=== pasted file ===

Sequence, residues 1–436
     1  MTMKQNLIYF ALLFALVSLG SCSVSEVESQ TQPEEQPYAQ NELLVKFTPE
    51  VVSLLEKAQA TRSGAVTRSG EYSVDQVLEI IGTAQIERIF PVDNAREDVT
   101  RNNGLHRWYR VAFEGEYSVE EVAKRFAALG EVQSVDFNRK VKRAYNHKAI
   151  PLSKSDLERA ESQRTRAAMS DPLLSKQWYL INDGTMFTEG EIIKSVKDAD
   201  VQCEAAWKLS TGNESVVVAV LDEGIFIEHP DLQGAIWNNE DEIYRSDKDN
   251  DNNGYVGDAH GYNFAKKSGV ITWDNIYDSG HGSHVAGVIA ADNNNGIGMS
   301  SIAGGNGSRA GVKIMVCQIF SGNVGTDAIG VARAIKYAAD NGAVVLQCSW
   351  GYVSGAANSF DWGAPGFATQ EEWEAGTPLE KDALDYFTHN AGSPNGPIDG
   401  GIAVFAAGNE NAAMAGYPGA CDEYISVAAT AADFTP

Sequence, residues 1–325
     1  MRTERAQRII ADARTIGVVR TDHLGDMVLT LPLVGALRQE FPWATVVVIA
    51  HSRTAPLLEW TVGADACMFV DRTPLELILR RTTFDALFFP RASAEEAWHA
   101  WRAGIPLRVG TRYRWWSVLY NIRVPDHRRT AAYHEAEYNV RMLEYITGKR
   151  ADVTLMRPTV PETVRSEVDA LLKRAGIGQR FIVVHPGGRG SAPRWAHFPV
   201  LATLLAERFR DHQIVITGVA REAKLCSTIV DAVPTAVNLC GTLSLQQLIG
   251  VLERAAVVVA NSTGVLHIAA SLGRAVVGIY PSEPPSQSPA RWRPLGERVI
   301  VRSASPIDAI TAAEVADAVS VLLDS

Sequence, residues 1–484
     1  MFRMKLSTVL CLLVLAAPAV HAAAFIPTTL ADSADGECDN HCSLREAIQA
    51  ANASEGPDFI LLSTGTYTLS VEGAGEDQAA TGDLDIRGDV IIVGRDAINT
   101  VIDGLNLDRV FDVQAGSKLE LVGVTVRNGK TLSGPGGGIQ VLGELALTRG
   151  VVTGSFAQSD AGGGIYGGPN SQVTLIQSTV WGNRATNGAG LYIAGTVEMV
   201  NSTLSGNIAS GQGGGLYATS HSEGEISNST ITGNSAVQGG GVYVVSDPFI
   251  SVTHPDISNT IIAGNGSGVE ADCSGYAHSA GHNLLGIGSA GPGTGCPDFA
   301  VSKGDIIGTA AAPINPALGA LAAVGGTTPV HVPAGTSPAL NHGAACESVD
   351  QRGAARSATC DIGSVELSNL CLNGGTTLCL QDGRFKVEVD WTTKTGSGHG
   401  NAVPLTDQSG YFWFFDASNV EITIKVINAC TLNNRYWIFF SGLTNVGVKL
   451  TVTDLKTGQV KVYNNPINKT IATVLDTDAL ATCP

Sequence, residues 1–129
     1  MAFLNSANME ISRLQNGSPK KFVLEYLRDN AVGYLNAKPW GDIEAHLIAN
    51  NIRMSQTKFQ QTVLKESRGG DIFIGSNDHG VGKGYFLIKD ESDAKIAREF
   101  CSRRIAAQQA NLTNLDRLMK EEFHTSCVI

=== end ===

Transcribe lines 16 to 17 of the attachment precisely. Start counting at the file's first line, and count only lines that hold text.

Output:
   201  LATLLAERFR DHQIVITGVA REAKLCSTIV DAVPTAVNLC GTLSLQQLIG
   251  VLERAAVVVA NSTGVLHIAA SLGRAVVGIY PSEPPSQSPA RWRPLGERVI